Breast reduction is a surgical operation to reduce the size of the breasts by removing skin and breast tissue. There are a number of reasons why patients may want to reduce the size of their breasts. Patients with large or heavy breasts may complain of neck, shoulder and back pain or irritation of the skin in the breast crease. Difficulty with finding clothes that fit as well as with exercise is also common. Some patients understandably may also feel self conscious about their appearance. A smaller group of patients may have significantly different sized breasts and may benefit from a single sided breast reduction to achieve better shape and symmetry
Before & Afters
Frequently Asked Questions
Breast reduction surgery is performed under a general anaesthetic or local anaesthetic and sedation. The procedure usually takes 2-3 hours depending on whether one or both breasts are reduced and the overall size of the breasts. You will be admitted on the day of your surgery and you will usually need to stay in hospital for at least 1 night if it is done under a general anaesthetic. Patients who have surgery performed under local anaesthetic and sedation can usually go home the same day. There are several techniques of breast reduction and the final scar and outcome will depend on which technique is used. This will be discussed at your consultation.
Essentially, all techniques rely on maintaining the blood supply of the nipple through its attachment to the native breast, and reducing the skin and volume of the breast around it. The remaining tissue is reshaped to achieve the final shape and size. A drain is usually inserted to drain any excess blood or fluid that collects within the breast tissues and is removed prior to discharge. On the ward, you should wear a sports bra in your planned new cup size. This should be soft and supportive but not underwired.
On discharge, you may shower as the dressings are shower resistant. In the first week, you should take things easy and avoid too much physical activity. Most patients recover fully after 2 weeks however strenuous exercise should be avoided for at least 6 weeks. It is usual to have some bruising and swelling which settles over 3-4 weeks. The breasts will be a little firm initially however this softens and becomes more natural over a period of 4-6 weeks with the final appearance being apparent at 6-12 months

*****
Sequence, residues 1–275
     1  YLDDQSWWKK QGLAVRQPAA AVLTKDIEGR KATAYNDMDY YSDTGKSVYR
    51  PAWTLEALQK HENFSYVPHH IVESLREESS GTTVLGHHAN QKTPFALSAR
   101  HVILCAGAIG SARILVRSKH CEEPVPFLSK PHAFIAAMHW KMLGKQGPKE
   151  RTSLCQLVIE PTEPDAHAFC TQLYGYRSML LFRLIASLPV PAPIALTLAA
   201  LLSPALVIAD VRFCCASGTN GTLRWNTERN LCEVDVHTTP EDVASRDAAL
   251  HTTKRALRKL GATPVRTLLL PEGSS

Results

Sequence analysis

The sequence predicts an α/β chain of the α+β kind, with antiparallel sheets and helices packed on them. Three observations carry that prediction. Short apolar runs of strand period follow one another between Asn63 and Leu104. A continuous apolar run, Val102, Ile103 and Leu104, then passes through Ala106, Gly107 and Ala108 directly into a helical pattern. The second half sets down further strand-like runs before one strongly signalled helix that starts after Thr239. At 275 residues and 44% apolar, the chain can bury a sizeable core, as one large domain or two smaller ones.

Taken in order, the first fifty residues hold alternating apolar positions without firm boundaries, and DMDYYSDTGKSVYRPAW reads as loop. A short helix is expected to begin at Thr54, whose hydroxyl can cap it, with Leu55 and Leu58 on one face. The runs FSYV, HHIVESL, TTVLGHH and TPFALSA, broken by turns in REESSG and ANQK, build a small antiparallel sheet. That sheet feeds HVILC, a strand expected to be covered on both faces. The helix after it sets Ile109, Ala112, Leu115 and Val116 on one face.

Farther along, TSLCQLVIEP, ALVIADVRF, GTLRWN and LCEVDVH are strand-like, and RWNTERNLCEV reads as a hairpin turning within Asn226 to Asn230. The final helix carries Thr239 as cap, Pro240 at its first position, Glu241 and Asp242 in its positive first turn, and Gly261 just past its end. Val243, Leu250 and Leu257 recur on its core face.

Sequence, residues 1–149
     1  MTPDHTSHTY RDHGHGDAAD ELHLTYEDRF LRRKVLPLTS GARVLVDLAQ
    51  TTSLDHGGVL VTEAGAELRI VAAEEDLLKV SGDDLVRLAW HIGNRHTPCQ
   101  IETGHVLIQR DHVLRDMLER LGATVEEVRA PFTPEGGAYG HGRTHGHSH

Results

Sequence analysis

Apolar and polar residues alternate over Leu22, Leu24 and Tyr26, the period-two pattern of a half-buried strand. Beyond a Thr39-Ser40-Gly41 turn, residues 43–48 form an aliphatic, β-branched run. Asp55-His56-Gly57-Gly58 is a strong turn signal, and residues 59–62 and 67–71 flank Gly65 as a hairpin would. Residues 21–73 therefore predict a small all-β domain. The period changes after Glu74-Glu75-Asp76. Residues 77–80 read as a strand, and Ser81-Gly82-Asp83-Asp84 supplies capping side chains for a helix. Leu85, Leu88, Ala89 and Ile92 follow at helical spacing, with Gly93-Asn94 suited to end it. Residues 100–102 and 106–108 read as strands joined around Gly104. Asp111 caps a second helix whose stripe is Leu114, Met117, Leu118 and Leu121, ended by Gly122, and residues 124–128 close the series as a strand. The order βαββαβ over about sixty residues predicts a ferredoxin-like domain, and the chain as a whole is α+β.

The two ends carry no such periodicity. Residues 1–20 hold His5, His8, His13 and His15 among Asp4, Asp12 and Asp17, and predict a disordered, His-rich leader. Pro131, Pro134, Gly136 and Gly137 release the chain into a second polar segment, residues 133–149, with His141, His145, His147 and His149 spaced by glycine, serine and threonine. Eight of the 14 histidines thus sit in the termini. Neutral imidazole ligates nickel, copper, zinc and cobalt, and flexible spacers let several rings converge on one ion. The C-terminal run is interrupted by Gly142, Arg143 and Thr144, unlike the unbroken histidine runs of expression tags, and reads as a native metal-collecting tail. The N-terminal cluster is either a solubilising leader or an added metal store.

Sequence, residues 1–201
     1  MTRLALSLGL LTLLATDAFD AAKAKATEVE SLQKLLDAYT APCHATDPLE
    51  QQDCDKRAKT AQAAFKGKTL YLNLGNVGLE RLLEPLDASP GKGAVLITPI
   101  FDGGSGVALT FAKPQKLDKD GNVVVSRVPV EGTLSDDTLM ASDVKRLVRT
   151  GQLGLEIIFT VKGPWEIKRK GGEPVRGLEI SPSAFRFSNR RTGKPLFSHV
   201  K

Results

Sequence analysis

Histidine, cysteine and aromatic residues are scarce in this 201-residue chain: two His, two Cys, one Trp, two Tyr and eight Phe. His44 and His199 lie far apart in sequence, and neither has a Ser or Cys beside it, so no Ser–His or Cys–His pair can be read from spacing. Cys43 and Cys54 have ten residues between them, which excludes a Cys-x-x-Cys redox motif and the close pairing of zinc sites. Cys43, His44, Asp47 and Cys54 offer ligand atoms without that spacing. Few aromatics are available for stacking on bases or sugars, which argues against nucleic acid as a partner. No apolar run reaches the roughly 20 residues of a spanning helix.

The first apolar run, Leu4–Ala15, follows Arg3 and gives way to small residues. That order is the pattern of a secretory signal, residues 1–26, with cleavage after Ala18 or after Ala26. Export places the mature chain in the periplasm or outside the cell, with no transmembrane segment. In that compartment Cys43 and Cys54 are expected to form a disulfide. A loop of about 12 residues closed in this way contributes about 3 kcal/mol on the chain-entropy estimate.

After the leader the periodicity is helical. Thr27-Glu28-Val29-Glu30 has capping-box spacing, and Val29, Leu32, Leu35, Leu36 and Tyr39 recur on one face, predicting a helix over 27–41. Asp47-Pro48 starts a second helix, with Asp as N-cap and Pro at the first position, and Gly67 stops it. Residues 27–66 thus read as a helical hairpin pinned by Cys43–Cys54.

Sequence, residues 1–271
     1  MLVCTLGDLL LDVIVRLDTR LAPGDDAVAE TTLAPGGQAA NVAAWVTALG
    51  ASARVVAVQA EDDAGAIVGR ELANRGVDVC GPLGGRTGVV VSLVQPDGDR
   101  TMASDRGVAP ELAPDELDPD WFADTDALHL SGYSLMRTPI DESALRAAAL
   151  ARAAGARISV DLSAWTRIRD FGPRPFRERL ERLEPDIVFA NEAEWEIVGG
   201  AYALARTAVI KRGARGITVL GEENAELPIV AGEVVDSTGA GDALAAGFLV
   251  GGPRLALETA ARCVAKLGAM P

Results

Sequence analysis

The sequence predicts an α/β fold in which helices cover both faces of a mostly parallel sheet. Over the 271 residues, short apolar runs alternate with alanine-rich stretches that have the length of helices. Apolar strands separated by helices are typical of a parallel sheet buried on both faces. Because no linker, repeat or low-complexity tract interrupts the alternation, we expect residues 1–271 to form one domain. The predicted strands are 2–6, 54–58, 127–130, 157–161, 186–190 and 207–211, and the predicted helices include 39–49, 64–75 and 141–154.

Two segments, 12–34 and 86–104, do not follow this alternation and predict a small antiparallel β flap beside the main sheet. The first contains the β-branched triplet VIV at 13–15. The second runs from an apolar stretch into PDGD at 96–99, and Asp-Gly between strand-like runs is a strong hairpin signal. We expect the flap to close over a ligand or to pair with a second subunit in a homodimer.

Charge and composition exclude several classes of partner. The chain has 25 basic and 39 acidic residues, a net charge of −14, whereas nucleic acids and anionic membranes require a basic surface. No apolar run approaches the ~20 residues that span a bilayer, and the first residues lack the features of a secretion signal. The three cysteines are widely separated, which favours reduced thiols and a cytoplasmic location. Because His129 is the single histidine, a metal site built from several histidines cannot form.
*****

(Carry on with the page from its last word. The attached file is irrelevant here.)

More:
You will be seen a week after your surgery to check that all is healing well and again at 6 weeks and 6 months to ensure to all is well and you are happy with the result
Breast reduction is a routine operation with the vast majority of patients being happy with the result however as with any operation, you should be aware of the potential risks and complications
Scarring : The shape of the scar varies depending on the technique that is used. There is usually a scar around the nipple which extends down the breast crease and along the crease itself giving an anchor shaped scar. Occasionally the scar along the crease can be omitted if the reduction is not large but this will be discussed at your consultation. The scar is usually red and raised initially but settles down to a flat white line over time. Occasionally, scars can remain lumpy and red
Bleeding : Although every effort is made to control bleeding within the breast tissues during the operation, blood can collect in the breast resulting in a haematoma/blood clot once you are back on the ward. This occurs in approximately 1% of patients. If this happens, you will need to return to theatre to have this evacuated
Wound breakdown : Wounds can breakdown particularly in the breast crease. This happens in approximately 3-4% of patients. These wounds usually heal fine with the help of dressings however it may take a few weeks
Infection : Wound infections occasionally occur and if it does, you will require a course of antibiotics
Altered nipple sensation : The nipple can be either become more or less sensitive following the operation
Breast feeding : Breast feeding can be affected following breast reduction with approximately half of women losing the ability to breast feed
Nipple loss : Nipple loss is very uncommon, occurring in less than 1% of patients. It occurs because the blood supply to the nipple is disrupted during the operation. Nipple loss can either be partial or complete. Partial nipple loss is when only part of the nipple loses its blood supply and therefore the remaining nipple survives. Complete nipple loss is rare. When this happens, the nipple turns black and eventually is replaced with scar tissue. The risk of this occurring is higher in smokers, obesity, old age, very large breasts, and in patients who are undergoing a second breast reduction.
Asymmetry : Small degrees of breast asymmetry is a normal finding. When planning for your surgery, asymmetry will be taken into account and adjusted for, however some asymmetry may remain following your operation
General operation risks : Deep vein thrombosis and pulmonary embolism, the formation of clots in the legs or lungs are rare but can occur with any operation. These are potentially life threatening and so you will be given compression stockings to wear on your legs and blood thinning injections to reduce the risk of this.
Further information can be downloaded here in this Breast Reduction guide